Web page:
A Nintendo Classic controller can be purchased to play all games available in the Virtual Console library. It looks like a Super Nintendo controller with two analog sticks, if you're into that kind of thing. Otherwise, a Wiimote will play NES and TurboGrafx games, and a Nintendo Gamecube controller is needed to play N64 and Super Nintendo games. Officially, no other support is guaranteed, but "some" Genesis games can be played with a Wiimote or Gamecube controller and "some" TurboGrafx games can be played with a Gamecube controller.

Gamecube games can be played directly on the Wii, with no additional software required. In this case, it's completely backwards compatible. There are ports for four Gamecube controllers and 2 Gamecube memory cards. While the Wii has internal memory, you'll need a Gamecube memory card to save Gamecube games. I think is great, partly because I never owned a Gamecube and now I can pick up all the great games for a handful of magic beans.

Wii Gaming

For the complete low down on what it's like to play Wii games, you'll have to look to future nodes to actually describe the experience. Each game has its own incredibly intuitive controls and it would not do anyone justice to provide some sort of blanket description here. I will say it's some of the most fun you can have using your wii with all your clothes on.

An interesting side note though is the price of Wii games. Only $50! That may not sound exciting but consider that new Xbox 360 games are 60 clams and Sony has actually said there is no ceiling for Playstation 3 games. While $60 is the normal price for a new PS3 game, expect $80, $90 or more for some games.

Wii Hardware

Nintendo caught a lot of flak for the hardware specs on the Wii. While Microsoft and Sony are spouting off about more processor cores than your computer and huge harddrives, Nintendo pretty much released a jacked up Gamecube with wireless networking.

However, Nintendo is laughing all the way to the bank. Microsoft and Sony have already dug their respective graves with the new hardware--the whole game at this point is to just not fall in. The non-crippled 360 is $400 and the PS3 is $600 since they eliminated the lower price model. Those companies are looking for an 8 year lifetime from their machines so that they can sell enough software to recoup the massive loss they're selling each console at. Nintendo on the other hand is the only company to actually make a profit off of their current console. Some groups that dissected a Wii at launch said the cost of production was as low as $134, which means huge profit for Nintendo.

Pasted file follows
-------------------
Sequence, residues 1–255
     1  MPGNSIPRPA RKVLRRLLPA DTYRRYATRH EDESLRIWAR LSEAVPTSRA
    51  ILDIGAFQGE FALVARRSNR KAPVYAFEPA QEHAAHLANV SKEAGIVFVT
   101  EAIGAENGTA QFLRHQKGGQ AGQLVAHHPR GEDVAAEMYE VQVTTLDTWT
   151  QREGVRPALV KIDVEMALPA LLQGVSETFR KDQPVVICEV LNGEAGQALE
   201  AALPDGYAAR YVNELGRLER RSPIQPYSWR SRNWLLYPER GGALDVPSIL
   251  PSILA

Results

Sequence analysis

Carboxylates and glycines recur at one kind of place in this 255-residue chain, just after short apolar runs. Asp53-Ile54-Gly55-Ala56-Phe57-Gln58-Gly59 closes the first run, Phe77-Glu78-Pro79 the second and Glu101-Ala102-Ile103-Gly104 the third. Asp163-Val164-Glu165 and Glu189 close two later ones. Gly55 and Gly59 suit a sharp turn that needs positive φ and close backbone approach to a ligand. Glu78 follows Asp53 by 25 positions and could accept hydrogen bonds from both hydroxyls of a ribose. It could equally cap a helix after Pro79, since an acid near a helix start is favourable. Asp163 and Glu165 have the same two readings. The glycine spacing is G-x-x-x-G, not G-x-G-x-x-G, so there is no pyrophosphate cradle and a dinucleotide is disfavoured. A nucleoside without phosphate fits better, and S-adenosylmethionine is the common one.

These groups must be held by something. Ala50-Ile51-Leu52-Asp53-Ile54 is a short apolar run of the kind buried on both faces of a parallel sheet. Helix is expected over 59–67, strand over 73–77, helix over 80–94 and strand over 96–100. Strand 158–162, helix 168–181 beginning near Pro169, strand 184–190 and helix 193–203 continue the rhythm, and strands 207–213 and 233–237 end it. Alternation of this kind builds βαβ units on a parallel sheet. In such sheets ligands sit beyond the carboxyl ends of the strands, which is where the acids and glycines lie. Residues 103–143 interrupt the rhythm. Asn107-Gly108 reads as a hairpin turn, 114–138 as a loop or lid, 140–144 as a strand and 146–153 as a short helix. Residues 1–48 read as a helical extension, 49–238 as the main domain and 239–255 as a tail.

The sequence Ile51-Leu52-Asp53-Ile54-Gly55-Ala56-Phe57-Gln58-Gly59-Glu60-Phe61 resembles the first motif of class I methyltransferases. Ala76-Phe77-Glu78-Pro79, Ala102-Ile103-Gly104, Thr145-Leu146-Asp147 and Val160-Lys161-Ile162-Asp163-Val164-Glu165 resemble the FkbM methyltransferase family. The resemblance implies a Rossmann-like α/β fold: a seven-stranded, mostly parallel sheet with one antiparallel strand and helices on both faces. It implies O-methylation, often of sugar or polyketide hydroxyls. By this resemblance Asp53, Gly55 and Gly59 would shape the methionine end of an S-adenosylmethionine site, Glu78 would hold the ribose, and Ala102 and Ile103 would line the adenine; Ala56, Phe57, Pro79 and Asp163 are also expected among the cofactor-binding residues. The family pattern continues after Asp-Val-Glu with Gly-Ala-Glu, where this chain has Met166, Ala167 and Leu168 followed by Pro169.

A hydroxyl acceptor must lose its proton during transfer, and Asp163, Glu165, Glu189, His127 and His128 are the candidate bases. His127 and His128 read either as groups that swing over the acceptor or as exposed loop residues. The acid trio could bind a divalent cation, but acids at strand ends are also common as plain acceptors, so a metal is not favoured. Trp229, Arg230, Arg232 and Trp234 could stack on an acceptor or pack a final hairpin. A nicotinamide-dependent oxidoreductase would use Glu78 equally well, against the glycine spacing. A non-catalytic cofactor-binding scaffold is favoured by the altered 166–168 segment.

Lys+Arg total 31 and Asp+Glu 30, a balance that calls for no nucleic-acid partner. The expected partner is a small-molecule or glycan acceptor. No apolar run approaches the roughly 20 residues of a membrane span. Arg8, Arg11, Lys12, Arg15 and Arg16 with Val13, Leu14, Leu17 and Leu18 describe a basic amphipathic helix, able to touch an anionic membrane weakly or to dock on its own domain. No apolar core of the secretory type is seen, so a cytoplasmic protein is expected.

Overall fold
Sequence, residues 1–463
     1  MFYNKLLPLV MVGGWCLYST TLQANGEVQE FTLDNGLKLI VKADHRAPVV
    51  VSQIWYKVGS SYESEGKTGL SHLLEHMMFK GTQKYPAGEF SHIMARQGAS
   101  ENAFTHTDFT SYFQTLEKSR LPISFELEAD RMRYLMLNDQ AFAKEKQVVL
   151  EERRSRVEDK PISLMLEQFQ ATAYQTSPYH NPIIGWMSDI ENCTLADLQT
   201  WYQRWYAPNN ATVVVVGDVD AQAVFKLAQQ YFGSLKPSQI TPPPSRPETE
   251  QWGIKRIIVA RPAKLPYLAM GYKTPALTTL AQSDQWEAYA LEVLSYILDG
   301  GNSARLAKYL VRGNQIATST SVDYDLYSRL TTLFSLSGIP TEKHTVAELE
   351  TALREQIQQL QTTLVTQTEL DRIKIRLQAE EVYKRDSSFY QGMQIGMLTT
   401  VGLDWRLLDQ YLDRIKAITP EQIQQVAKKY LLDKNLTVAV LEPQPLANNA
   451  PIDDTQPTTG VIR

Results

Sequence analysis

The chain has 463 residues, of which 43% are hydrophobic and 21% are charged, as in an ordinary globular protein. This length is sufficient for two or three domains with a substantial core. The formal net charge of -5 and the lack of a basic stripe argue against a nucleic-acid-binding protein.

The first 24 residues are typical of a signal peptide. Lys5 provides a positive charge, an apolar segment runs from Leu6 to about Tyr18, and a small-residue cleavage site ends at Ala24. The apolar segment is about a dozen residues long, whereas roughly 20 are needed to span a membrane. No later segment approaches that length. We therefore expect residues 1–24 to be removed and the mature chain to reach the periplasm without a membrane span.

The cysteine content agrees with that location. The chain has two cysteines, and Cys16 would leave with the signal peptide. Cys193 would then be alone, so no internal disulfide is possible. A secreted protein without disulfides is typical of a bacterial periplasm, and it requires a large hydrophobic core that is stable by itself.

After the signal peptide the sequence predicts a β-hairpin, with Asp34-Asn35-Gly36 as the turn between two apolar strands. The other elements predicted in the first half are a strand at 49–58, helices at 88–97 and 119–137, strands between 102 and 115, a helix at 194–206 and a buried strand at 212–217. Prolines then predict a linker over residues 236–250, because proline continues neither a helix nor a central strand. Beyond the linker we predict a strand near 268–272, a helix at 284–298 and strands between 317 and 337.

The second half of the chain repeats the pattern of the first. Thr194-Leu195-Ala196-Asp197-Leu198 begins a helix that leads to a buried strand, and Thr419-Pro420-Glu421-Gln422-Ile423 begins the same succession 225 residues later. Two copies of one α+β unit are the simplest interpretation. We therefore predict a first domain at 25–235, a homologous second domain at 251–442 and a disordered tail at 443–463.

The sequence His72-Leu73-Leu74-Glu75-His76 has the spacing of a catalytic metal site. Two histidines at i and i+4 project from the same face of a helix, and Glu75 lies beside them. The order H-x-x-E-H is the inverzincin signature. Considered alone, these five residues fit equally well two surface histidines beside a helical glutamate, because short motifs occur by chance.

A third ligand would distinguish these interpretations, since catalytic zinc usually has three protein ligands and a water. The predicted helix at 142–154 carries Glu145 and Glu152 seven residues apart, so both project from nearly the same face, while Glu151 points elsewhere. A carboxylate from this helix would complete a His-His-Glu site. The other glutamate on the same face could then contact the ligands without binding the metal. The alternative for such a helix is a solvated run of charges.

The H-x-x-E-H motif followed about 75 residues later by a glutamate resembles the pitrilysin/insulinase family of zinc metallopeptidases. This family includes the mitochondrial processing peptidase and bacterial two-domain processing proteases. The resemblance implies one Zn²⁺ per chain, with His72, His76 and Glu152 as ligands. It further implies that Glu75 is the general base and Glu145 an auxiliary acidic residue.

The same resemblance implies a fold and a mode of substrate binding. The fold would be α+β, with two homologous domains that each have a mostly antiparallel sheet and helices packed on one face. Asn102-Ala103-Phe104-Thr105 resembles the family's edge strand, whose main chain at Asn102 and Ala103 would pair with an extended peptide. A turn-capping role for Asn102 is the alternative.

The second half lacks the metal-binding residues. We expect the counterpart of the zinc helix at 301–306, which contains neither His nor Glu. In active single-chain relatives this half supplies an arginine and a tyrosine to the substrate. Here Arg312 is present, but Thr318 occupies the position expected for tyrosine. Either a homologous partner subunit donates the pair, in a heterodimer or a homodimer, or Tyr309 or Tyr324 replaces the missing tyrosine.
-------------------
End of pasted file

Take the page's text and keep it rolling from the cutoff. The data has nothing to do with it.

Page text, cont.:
While people piss and moan about the lack of graphical processing power on Wii, compared to the 360 an PS3, they are forgetting two things. Firstly, graphics don't mean squat after a certain point and we're at that point with games like Half Life 2, Oblivion and Crysis. Secondly, if Nintendo wanted to, they could release a new console tomorrow because they don't need eight years of software sales to break even on their financial loss from selling over powered bullshit. Oh, and the fact that in America, the 360 is the current leader in terms of units sold, but that's going to change in a month when the Wii blows past it. The 360 has been out for a year and hasn't managed to stay ahead of the Wii which has been out for six months.

Official hardware specs, for the nerds out there:

  • CPU IBM Broadway 729MHz
  • System Memory 88MB
  • GPU ATI Hollywood 243Mhz
  • Internal Storage 512MB Flash Memory
  • Optical Disc Drive 8cm GameCube/12cm Wii
  • Supported Resolution up to 480p
  • 12cm Disc Capacity 4.7GB (single) / 8.5GB (dual)
  • Memory Expansion, 2 SD memory max
  • Wii Controller Ports Wireless (4 minimum)
  • Internet Connectivity WiFi 802.11b/g
  • GameCube Controller Ports 4 Ports
  • Disc Compatibility GameCube
  • GameCube Memory Expansion 2 Ports
  • USB 2.0 2 Ports

And for those of you so convinced to run out and buy a Wii (good luck!), here's what you get with each purchase:

  • Wii Console
  • Wii Remote with strap
  • Nunchuk
  • Wii AC Adapter
  • Wii Stereo AV Cable
  • Wii Stand
  • Wii Stand Plate
  • Wii Sensor Bar
  • Sensor Bar Stand
  • AA Batteries
  • Wii Sports game (not in Japan)
  • Instructions
  • Warranty/Registration card

Pick one up, you won't regret it!

Coming Soon: Wii Sports review!